Thirty four people have been arrested following an anti-nuclear blockade of the Faslane naval base on the Clyde.
The Scrap Trident Coalition's Bairns Not Bombs demonstration aimed to shut down the base, which is home to the UK's Trident nuclear weapons system.
Police estimated that about 200 protestors took part in the demonstration as part of a series of events organised by Scrap Trident.
Organisers described the day as a "huge success".
Police Scotland confirmed that thirty two of the arrests were conducted by Police Scotland, while a further two arrests were made by officers from the Ministry of Defence.
Protestors had gathered outside gates to the base from 07:00 in an attempt to stop workers from entering.
The blockade was aimed at focusing attention on the UK's nuclear deterrent in the run up to next month's general election.
Organisers said - according to their estimates - there were up to 150 demonstrators outside the north gate, with 250 across all the gates.
Groups of protesters chained themselves together outside the gate ahead of the shift change at the base.
Police used cutting equipment to release protestors who blocked the road by chaining themselves together.
BBC Scotland reporter Julie Peacock, who was at the scene, said it took approximately 40 minutes, and in one case two and a half hours, to release each person from their chain.
A Scrap Trident spokesman said: "This has been one of the most effective blockades in our experience with so many workers being unable to enter the base and such a relaxed, colourful and upbeat vibe to the whole protest.
"It has been wonderful to have the presence of people ranging in age from five to over 80, to have a member of our own Parliament sitting down with us, and so many others from diverse backgrounds.
"Trident is a hot topic at the General Election and this gives us hope that at last we can tackle the British state's addiction to monstrous and mindless violence.
"We are also aware that even among the workers in the base and the police who attended today there is growing support for removing the WMD stain from our shores."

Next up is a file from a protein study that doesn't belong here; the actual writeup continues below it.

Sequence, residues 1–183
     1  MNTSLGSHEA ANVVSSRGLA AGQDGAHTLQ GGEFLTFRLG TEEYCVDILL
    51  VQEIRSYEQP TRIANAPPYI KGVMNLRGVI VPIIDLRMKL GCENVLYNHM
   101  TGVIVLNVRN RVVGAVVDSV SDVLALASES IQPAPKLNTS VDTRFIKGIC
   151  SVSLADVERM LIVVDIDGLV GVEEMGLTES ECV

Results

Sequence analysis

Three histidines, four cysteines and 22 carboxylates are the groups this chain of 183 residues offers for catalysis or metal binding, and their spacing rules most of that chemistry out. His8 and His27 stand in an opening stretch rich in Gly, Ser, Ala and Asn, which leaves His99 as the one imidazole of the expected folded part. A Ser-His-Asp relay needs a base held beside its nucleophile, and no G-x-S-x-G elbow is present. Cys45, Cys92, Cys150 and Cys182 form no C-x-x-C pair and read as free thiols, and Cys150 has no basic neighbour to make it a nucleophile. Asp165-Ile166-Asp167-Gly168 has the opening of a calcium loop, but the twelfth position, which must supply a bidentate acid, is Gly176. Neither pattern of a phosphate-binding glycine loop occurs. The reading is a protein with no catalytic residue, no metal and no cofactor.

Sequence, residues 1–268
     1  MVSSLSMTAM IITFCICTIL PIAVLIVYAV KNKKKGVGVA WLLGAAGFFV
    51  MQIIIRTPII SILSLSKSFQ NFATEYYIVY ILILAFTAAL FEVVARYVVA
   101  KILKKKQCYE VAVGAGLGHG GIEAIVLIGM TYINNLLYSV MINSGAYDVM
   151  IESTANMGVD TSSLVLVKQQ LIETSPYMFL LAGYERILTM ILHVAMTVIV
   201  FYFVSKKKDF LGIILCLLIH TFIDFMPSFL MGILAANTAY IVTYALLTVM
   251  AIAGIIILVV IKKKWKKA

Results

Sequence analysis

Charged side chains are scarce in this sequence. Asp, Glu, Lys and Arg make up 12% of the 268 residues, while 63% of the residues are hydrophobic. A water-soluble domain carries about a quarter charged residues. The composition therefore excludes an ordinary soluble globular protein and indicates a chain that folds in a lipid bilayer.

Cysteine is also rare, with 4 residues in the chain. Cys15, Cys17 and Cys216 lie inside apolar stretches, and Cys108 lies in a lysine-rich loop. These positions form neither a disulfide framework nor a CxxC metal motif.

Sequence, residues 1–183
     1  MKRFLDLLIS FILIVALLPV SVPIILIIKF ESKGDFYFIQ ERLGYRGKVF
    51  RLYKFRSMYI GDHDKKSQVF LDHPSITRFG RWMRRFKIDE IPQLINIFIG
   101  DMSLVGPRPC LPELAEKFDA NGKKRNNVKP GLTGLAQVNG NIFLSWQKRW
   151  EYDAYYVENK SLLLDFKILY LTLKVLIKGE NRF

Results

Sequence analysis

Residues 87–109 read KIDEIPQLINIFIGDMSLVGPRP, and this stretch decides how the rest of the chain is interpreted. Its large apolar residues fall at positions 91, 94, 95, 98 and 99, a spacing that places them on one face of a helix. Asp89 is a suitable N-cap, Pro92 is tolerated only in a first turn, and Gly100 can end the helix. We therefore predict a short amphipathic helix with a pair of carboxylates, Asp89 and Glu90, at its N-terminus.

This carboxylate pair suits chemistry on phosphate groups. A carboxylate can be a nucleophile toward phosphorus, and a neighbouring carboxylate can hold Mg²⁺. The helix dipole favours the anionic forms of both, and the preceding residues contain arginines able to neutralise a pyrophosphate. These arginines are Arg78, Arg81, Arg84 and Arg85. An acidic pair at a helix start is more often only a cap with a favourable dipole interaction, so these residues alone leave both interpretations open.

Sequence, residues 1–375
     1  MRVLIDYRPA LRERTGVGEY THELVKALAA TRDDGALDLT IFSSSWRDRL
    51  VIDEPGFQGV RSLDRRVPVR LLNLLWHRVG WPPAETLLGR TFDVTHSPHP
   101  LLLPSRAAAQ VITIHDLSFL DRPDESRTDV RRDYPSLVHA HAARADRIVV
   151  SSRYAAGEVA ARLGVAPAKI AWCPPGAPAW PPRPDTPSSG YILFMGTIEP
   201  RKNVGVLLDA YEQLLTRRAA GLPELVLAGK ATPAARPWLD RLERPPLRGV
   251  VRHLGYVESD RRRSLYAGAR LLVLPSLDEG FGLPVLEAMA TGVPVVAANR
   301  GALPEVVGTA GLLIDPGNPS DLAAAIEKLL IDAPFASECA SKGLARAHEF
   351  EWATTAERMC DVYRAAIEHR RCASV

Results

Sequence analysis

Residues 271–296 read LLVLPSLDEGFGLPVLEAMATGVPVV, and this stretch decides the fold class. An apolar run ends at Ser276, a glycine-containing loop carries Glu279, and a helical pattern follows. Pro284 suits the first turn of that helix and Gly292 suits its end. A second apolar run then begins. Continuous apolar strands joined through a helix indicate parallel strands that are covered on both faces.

A Faslane spokesman said: "The MoD recognises the democratic right of individuals to participate in lawful and peaceful protest activities."
He added that the operational output of the base was not affected by the protest activity as they had contingency plans in place.
Over the weekend leading figures in music, the arts and science, including Nobel prize winner Prof Peter Higgs, comedian Frankie Boyle and Mercury prizewinning band Young Fathers, called for the nuclear deterrent to be scrapped, in a letter to the Observer.
Thousands attended a march and rally in Glasgow city centre earlier this month to call on the UK government to abandon plans to replace Trident.
The nuclear weapons system came to the fore of the election campaign last week after Defence Secretary Michael Fallon confirmed that a Conservative government would go ahead with the construction of four new Trident nuclear missile submarines to replace the existing fleet of ageing Vanguard-class boats.
He warned that the deterrent would be put at risk by the prospect of Labour leader Ed Miliband entering into a pact with the anti-Trident SNP in the event of a hung parliament in May.
Mr Miliband insisted that Labour is fully committed to renewing the Trident submarine missile fleet.
The SNP opposes the principle of nuclear weapons, with leader Nicola Sturgeon having said that halting the renewal of Britain's nuclear deterrent would be her "absolute priority" if her party held the balance of power in May.
The Scottish Greens - whose co-convener Patrick Harvie was taking part in the demonstration - also wants the UK's nuclear weapons scrapped.
The Liberal Democrats have said it is "extremely expensive and unnecessary" to replace all four Trident submarines and have proposed a fewer number of vessels instead, which would only be deployed under increased threat from a nuclear-armed country, as opposed to being permanently on patrol.